Is This as Good as it Gets?
Modern monetary intervention and fiscal stimulus show no signs of letting up, even in the face of stronger-than-expected inflation. At last count, the Fed’s balance sheet has expanded to over $8 trillion, and a third fiscal package later this year will likely push COVID fiscal stimulus above this level as well. The combined effect is equal to a supplement of approximately 76% of GDP, which is why economic growth appears so strong right now.
The consumer price surges we are seeing are being called transitory, which allows the policy doves to continue unabated in their quest to smooth out the economic cycle and boost the post-COVID economic recovery. What time frame does “transitory” represent? By definition, it should only mean a few months at the most, but we think the Fed is really in the dark regarding how long this inflation will last. One of the most important things I learned in my first macroeconomics class was that “prices are sticky to the downside”—they go up easily, but not so much in the other direction. At the commodity level, we could see some relief from these transitory price increases, but on the labor side, once wages move up, there is a good chance it’s permanent. We have not seen wages push inflation in decades, but the environment is as ripe as I have ever seen it.
Why then are we continuing to stimulate in the face of rising prices? The transitory excuse could be completely legitimate. Clearly, the Fed has the best data out there and they sincerely believe the benefits of loose policy outweigh the risks. Maybe the root cause is more insidious and lies in the larger issue of central bank confidence that they can smooth out the market cycle. Booms and busts have been an essential aspect of capitalism for the last 300 years, but since the Great Recession, central banks around the world have been emboldened that they can play puppet master using modern monetary policy to ensure full employment and maintain economic growth. Is it possible to keep this going in perpetuity without the unintended consequences like rampant inflation or extreme valuations of risk assets?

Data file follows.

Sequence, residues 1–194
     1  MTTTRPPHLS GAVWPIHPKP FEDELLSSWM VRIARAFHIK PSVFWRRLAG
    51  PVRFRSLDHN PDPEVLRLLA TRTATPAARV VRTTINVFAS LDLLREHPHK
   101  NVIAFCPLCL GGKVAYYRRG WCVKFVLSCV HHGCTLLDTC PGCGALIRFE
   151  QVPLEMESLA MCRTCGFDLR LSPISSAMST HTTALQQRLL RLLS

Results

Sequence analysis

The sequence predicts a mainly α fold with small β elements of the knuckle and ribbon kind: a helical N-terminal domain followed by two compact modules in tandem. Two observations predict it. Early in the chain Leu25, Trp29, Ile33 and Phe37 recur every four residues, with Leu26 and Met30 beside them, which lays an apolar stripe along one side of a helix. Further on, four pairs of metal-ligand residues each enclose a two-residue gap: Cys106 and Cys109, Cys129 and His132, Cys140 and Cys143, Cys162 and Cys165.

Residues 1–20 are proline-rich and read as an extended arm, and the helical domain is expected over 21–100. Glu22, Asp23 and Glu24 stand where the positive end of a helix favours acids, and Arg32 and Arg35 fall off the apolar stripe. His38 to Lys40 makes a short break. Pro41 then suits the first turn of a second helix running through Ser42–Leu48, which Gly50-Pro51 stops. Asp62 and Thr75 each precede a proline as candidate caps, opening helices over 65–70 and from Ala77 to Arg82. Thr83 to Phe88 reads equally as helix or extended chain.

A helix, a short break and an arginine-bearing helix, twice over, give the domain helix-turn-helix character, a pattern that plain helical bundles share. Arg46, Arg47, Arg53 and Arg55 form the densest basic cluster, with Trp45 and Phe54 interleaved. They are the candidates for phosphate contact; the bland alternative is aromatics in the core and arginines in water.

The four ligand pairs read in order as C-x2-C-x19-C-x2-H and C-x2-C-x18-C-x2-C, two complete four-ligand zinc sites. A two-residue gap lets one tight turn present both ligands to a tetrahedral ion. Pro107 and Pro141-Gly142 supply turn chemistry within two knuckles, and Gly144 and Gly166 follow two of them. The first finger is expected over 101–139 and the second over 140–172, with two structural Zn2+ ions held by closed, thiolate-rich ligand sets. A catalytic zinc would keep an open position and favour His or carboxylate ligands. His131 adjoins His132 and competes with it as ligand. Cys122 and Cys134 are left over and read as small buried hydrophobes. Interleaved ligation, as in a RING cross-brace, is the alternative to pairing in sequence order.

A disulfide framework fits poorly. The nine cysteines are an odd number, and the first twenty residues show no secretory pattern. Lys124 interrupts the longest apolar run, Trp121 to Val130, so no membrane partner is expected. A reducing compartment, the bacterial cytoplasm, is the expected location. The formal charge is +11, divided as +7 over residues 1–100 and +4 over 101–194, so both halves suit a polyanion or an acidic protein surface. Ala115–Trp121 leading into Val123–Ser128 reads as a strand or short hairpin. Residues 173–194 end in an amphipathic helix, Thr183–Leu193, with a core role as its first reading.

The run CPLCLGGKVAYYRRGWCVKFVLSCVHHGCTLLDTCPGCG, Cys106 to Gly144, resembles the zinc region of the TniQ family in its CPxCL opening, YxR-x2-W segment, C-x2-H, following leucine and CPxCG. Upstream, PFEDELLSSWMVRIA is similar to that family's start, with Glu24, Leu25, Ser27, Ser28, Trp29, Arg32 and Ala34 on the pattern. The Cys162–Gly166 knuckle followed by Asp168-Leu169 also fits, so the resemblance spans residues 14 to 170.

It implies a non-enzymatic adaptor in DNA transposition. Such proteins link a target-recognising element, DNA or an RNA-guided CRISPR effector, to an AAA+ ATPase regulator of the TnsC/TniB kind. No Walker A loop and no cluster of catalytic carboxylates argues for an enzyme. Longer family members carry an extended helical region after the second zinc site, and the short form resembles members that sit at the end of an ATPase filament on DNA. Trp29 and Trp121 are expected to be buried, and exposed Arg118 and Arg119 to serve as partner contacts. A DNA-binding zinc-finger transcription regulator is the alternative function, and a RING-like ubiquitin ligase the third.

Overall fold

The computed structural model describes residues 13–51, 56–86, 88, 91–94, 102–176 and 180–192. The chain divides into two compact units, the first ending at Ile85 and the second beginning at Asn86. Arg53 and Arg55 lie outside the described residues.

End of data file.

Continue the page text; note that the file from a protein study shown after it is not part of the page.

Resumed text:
We think central bank confidence in their ability to print money unabated could last serval more years, so it’s difficult to step in front of this train. The sacrifices necessary to get back to a normalized interest rate and liquidity environment might just be too extreme a proposition, and therefore, we could stay in this liquidity-driven mania for an extended period of time until some external shock occurs.
Speaking of sacrifices, imagine the difference being born in 1900 versus 1975. If you were born in 1900, we were engaged in a World War in your mid-teens, struggling to fight a flu pandemic that killed 50 million people by the time you turned 20, went through the Great Depression during most of your 30’s and fought another World War for half of your 40s. Contrast that with the person born in 1975. Notwithstanding the Iraq War and the Great Recession, we have lived in an unprecedented era of peace and prosperity unlike any other in modern history, and policy makers seem intent on perpetuating that regardless of the potential long-term consequences.
How to manage risk in this environment becomes more complex, and having the proper asset allocation tools is critical. Most professional asset management shops are at the very high end of allowable equity exposure. It’s been the right place to be, but the downside could be painful and fixed income remains the conventional hedge vehicle. As mentioned in previous updates, we are using gold and gold miners as an additional defensive vehicle, as well as private debt to take advantage of the illiquidity premium and floating rates that should continue to rise. In addition, we are closely eyeballing a general commodity fund allocation, although that train may have left the station
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